A LUT (short for color Look-Up Table) allows us to instantly convert a video clip from the way colors are mapped in the image sensor of a camera into a different set of values for display to a monitor.
The reason LUTs exist is that most sensors can capture more color and gray-scale data than our monitors can display. LUTs allow us to convert and optimize an image for a particular scene or display.
LUTs are a part of the color grading process and much faster than adjusting color settings then rendering a clip. While LUTs have been in still image photography for a long time, they are only recently making their way into video. LUT support is new with the 10.4 version of Final Cut Pro X.
Craig Taylor recently wrote me with a reminder that, though LUTs are supported in FCP X, they may not be visible. So, with that as a reminder, here’s what you need to know to experiment.
Final Cut Pro X supports two types of LUTS:
An example of LUT software is: 3D LUT Creator.
Final Cut does not create or modify LUTs, it simply allows you to apply and change existing LUTs to your footage. On media import, FCP X will determine if the clips are in a supported log format, then automatically apply the appropriate built-in camera LUT.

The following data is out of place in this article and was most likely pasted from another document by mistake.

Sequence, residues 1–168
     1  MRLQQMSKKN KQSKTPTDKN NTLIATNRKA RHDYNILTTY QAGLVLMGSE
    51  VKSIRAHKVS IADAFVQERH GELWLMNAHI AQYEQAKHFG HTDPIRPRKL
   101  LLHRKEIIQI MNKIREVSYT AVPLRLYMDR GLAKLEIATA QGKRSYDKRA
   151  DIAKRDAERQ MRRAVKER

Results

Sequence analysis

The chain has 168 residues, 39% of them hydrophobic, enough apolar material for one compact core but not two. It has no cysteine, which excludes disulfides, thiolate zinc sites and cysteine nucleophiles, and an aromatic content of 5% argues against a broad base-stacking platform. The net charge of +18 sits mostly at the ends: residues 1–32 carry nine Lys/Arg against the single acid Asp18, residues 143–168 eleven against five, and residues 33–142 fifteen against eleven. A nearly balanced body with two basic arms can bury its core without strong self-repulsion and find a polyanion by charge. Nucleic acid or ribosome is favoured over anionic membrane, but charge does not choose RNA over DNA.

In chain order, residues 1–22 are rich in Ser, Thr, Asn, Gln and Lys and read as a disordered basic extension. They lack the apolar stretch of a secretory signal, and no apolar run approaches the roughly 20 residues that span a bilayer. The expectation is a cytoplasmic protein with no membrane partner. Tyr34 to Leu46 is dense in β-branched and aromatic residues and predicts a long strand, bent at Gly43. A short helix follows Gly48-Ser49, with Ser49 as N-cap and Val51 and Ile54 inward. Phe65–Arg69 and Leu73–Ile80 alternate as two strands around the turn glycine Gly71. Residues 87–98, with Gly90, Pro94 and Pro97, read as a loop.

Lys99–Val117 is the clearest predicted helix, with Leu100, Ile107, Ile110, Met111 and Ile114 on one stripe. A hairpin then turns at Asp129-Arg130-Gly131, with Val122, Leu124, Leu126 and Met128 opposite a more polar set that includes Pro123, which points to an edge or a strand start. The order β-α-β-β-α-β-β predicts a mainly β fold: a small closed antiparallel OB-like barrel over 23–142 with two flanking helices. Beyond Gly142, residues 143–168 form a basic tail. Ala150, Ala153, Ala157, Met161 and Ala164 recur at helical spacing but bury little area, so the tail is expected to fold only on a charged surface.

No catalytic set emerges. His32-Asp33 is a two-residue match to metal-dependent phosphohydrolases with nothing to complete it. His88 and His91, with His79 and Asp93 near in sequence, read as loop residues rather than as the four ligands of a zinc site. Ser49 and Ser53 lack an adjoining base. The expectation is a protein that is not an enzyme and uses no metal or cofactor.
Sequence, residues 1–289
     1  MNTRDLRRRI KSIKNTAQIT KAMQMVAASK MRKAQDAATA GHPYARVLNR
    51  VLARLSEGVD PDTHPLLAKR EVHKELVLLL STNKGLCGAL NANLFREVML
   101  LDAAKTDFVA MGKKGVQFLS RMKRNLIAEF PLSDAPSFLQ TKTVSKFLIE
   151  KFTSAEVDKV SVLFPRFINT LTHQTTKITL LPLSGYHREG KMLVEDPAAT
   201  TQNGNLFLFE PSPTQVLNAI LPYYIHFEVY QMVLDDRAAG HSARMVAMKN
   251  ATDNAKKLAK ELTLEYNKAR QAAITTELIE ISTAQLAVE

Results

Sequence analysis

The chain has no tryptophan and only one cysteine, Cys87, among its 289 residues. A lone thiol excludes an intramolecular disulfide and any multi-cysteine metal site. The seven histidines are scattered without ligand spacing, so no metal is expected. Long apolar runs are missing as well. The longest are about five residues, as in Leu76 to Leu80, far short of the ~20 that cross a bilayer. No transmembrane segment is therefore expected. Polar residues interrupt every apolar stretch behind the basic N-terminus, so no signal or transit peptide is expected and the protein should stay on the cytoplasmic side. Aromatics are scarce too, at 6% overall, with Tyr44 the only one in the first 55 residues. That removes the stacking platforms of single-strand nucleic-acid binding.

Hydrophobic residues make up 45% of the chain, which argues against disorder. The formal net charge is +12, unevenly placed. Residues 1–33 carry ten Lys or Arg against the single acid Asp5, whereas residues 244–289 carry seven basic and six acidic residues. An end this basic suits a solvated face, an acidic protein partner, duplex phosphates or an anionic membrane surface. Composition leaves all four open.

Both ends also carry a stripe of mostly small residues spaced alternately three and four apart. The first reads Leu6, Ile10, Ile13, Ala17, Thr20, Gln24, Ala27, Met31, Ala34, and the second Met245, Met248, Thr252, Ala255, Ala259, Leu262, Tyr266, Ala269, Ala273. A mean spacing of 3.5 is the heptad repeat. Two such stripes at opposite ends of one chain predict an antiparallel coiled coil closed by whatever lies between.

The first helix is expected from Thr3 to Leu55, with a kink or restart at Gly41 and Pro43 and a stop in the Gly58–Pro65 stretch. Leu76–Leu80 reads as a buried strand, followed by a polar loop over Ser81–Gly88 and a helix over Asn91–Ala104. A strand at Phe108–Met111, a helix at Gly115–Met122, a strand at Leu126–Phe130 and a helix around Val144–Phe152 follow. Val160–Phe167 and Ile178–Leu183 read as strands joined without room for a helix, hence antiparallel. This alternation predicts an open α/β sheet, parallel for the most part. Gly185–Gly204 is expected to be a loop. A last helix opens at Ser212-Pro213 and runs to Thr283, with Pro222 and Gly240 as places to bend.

You can also import additional camera LUTs (known as custom camera LUTs). Custom camera LUTs can be provided by camera manufacturers or created by your director of photography, digital imaging technician (DIT), or colorist using a third-party color grading app.
Supported cameras include those from:
Final Cut supports both the .cube and .mga LUT formats. This means that any custom LUT designed for DaVinci Resolve (.cube format) will also work with Final Cut. There are dozens, perhaps hundreds of .cube LUTs available from a variety of websites; just do a Google search for “CUBE LUTs”.
LUTs can be changed at any time, the source file is not affected and no permanent changes are made to your images until you export them.
DISPLAY LUT OPTIONS
Before we can apply a LUT, we need to display the option. To do this:
In the popup menu at the top of the Metadata View window, select Video Properties. While not really necessary, checking this option will save a lot of scrolling.
Then, check Camera LUT to display the LUT menu in the Inspector. It is off by default.
Finally, click OK in the bottom right corner of the Metadata View window.
CHOOSE LUT OPTIONS
Now, when you select a clip that supports LUTs (i.e. RED, RAW or Log-C), pick the format that represents your camera from the Built-in LUT list.
To remove a LUT, simply select None from this same list.
IMPORT A CUSTOM LUT
Once you’ve purchased and/or downloaded a custom LUT, you can import it into FCP X by selecting the Add Custom Camera LUT option. Remember, it must be in either .cube or .mga format.
NOTE: LUTs are NOT stored in the Final Cut Library file. This means that if you move the library, you will need to copy and move the LUTs separately.
As we move increasingly into shooting media for HDR, LUTS will also become more and more important. The latest version of FCP X makes experimenting with different LUTs fast and simple.
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